The Great Penguin Rescue
April 4, 2011: Our guest this week, penguin expert, Dyan deNapoli, “The Penguin Lady,” former Senior Penguin Aquarist at the New England Aquarium, talks about her new book, The Great Penguin Rescue. with important lessons — and hope — for the desperate penguin rescue and rehabilitation efforts underway following the tragic oil spill at Nightingale Island in the South Atlantic. Also: An update on the rescue effort from Tristan da Cunha by Katrine Herian of the Royal Society for the Protection of Birds.
The Ocean Doctor airs weekly on WebTalkRadio.net. Want to listen on your iPod, iPhone or mp3 player? Download the mp3 file or subscribe on iTunes and don’t miss a single episode. See the complete list of episodes.
Follow The Ocean Doctor on Twitter — Become a Fan on Facebook!
Submit a question and I’ll try to answer it on the air. Even better, record your question or comment on our special message line and I might play it on the air. Call: (805) 619-9194. You can also leave questions and comments for this episode below.
Like the show? Learn how to become a sponsor.
Podcast: Play in new window | Download
The Great Penguin Rescue
On June 23, 2000, a ship foundered and sank off the coast of Cape Town, South Africa, directly between the main breeding colonies of the African penguin, threatening approximately 75,000 penguins, more than 40 percent of the world’s population. Within hours after the ship sank, heavily oiled penguins began to stream ashore onto nearby islands and beaches. Chicks left in the breeding colonies would slowly starve to death. The overwhelmed penguin rehabilitation center in Cape Town put out an international call for help to the zoo and aquarium network, and Dyan deNapoli, former Senior Penguin Aquarist at the New England Aquarium, was among the first group to arrive. In her book, The Great Penguin Rescue: 40,000 Penguins, a Devastating Oil Spill, and the Inspiring Story of the World’s Largest Animal Rescue, deNapoli gives a firsthand account of the rescue of the oiled penguins and, as one reviewer put it, “plunges the reader into the maelstrom of animal rescue and rehabilitation on such a large scale.”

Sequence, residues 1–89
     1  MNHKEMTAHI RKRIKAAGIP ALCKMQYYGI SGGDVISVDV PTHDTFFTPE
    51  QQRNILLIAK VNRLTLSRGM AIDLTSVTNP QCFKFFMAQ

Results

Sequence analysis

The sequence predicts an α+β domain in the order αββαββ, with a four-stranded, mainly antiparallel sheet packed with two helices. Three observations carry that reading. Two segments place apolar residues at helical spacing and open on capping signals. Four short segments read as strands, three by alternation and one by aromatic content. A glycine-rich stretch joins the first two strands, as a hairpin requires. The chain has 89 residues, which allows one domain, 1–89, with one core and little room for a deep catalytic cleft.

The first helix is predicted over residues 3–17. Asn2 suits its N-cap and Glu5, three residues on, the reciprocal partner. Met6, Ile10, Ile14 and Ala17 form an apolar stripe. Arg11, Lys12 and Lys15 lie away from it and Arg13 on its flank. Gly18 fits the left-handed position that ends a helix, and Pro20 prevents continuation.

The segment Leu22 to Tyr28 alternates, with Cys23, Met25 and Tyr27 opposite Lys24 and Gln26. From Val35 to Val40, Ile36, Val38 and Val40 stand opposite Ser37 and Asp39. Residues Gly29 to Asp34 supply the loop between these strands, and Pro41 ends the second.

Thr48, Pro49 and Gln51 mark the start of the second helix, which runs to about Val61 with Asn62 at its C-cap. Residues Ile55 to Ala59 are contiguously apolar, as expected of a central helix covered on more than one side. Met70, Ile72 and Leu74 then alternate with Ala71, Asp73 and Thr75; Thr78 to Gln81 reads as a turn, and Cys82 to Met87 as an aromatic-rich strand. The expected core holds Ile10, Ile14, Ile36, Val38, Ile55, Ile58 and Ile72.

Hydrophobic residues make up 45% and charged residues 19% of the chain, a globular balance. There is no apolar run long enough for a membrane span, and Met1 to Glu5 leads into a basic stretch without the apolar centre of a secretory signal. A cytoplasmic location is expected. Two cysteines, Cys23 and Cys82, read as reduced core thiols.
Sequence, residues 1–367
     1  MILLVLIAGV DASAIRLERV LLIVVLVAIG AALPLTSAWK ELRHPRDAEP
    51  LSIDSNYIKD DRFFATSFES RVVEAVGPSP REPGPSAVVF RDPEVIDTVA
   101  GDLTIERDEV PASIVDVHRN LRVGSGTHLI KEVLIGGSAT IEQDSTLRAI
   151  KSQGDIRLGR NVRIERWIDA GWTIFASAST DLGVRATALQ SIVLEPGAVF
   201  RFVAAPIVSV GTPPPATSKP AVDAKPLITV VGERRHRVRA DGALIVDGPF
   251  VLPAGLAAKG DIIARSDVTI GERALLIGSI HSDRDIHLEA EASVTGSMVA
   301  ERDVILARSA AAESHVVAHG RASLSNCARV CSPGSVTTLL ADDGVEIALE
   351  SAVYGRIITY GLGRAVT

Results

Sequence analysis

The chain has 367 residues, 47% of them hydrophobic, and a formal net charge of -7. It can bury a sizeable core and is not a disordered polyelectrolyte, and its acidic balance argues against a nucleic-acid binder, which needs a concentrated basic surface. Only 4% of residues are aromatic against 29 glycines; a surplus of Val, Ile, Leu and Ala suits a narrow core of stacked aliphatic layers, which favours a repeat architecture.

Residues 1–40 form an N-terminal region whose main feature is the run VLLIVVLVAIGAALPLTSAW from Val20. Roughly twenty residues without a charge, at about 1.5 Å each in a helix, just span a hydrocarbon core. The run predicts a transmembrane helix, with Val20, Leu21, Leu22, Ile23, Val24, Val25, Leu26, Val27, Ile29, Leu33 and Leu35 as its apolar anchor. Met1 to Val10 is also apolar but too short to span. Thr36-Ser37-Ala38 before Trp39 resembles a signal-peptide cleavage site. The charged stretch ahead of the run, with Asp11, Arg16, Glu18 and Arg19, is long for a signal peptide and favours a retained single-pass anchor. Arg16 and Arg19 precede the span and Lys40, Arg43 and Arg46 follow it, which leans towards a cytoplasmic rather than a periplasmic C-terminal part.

Dyan deNapoli’s experiences from a disaster a decade ago bring important lessons ? and hope ? for the desperate penguin rescue and rehabilitation efforts underway at Tristan da Cunha, Nightingale Island and Inaccessible Island following the March 16, 2011 wreck of the MS Oliva and resulting oil spill.
About Dyan deNapoli, “The Penguin Lady”
Dyan deNapoli is a penguin expert, educator and author of The Great Penguin Rescue, which chronicles the remarkable rescue of 40,000 penguins from the Treasure oil spill in South Africa. After working closely with penguins at Boston’s New England Aquarium for nine years, she founded her company, The Penguin Lady, to teach audiences worldwide about the biology, behavior, and conservation of these unique seabirds. She has been a lecturer on nature cruises to Antarctica and the Galapagos Islands and, since 1995, has taught roughly 250,000 people about penguins. She has been the featured guest on numerous television and radio programs in the US and abroad, and will be a TEDxBoston speaker in June of 2011. Dyan is donating 20% of the proceeds from her book to penguin rescue groups.
|Dyan deNapoli is generously donating 20 percent of the proceeds from her book to penguin rescue groups around the world, including those currently assisting with the oil spill at Nightingale Island. (More ways to buy at The Penguin Lady site.)|
- The Penguin Lady
- Dyan deNapoli’s Blog
- New England Aquarium
- SANCCOB (The Southern African Foundation for the Conservation of Coastal Birds)
The Ocean Foundation has established the Nightingale Island Disaster Penguin and Seabird Rescue Fund and your tax-deductible donations will go directly to assist the teams at Nightingale Island, Tristan da Cunha and Inaccessible Island working to rescue and rehabilitate endangered penguins and other seabirds. Your help is very urgently needed!
I’ve heard about this story. Truly inspiring, and one of those animal stories that gives you goosebumps. I hope a documentary is made of the rescue. Great stuff!